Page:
As much as I had struggled before I joined the church, once I submitted my little life, I wanted it to count. I hadn’t yet given up on the dream of becoming big. – Shirley Showalter, Blush: A Mennonite Girl Meets a Glittering World.
In her memoir Blush Shirley Showalter shares stories from her childhood, including how she negotiated the emphasis in her Mennonite community on being “plain” and the admonition against feeling “big.” In a new episode of the NetVUE podcast series, Callings, Shirley talked with us about writing the memoir and what that process taught her about narrative and story. She relays some of the twists and turns in her own life, including the call to the presidency of Goshen College. With a new book coming out next year on grandparenting, co-written with Marilyn McEntyre, Shirley also talks about what it means to embrace becoming an elder. When asked what advice she would give to young adults today, she warned against listening to pre-fabricated advice from others: “Your vocation to yourself and to your own spirit is your highest vocation.”Continue reading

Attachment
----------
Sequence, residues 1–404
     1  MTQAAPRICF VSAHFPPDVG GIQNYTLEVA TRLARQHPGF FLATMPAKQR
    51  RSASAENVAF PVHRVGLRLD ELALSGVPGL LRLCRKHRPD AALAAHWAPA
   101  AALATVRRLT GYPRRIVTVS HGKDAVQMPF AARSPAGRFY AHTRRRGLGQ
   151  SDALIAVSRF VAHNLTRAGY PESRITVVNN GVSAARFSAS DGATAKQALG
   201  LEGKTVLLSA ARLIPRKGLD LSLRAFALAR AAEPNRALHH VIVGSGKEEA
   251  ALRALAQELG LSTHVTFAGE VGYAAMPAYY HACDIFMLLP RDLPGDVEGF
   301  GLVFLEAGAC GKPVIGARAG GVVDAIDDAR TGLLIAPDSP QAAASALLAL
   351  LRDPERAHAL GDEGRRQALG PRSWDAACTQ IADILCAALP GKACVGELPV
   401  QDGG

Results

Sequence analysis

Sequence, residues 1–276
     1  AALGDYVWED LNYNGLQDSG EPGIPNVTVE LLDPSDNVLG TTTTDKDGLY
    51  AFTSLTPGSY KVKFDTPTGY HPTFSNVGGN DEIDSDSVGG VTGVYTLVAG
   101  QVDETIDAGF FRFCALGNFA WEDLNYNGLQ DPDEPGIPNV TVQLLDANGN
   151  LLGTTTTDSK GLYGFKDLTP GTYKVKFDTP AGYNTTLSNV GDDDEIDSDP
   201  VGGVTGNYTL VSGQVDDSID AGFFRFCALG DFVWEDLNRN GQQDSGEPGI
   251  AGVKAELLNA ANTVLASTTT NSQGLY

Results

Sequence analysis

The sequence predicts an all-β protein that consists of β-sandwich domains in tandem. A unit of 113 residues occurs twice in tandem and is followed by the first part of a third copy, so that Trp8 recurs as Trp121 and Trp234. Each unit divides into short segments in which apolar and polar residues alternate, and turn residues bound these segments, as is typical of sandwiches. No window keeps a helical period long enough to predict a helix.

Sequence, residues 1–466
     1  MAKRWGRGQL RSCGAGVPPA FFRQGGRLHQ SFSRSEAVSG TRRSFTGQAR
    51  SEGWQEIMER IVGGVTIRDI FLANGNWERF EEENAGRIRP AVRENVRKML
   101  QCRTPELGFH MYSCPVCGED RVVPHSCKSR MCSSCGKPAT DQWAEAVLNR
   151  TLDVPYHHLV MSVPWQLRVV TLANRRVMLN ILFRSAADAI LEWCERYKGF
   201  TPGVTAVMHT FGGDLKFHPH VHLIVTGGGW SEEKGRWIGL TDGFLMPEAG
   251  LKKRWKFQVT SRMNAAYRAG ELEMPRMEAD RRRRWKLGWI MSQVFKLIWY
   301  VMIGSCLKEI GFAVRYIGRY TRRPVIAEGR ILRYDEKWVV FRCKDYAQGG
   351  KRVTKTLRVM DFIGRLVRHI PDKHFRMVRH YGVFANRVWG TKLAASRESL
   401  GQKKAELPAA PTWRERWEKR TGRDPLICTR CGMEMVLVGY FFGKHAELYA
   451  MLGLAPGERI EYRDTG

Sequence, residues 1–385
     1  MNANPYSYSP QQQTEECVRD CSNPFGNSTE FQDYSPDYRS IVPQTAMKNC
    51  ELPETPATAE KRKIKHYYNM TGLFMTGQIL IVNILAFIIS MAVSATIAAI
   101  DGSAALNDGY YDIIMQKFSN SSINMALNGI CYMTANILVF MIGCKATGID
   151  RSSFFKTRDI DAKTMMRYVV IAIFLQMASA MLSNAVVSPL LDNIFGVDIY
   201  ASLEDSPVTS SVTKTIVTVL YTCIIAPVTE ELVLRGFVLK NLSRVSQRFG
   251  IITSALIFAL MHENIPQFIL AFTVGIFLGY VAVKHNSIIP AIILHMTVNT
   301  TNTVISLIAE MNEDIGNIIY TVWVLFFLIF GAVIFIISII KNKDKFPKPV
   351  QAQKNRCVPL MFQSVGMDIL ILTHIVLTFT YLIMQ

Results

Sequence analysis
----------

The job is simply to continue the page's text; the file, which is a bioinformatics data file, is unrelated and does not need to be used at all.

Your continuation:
The “Freshman Comp” Course: Speaking the Truth in Love
I’m starting to think the first-year writing course might be the most important class in the world, or, rather, to the world, at this cultural moment.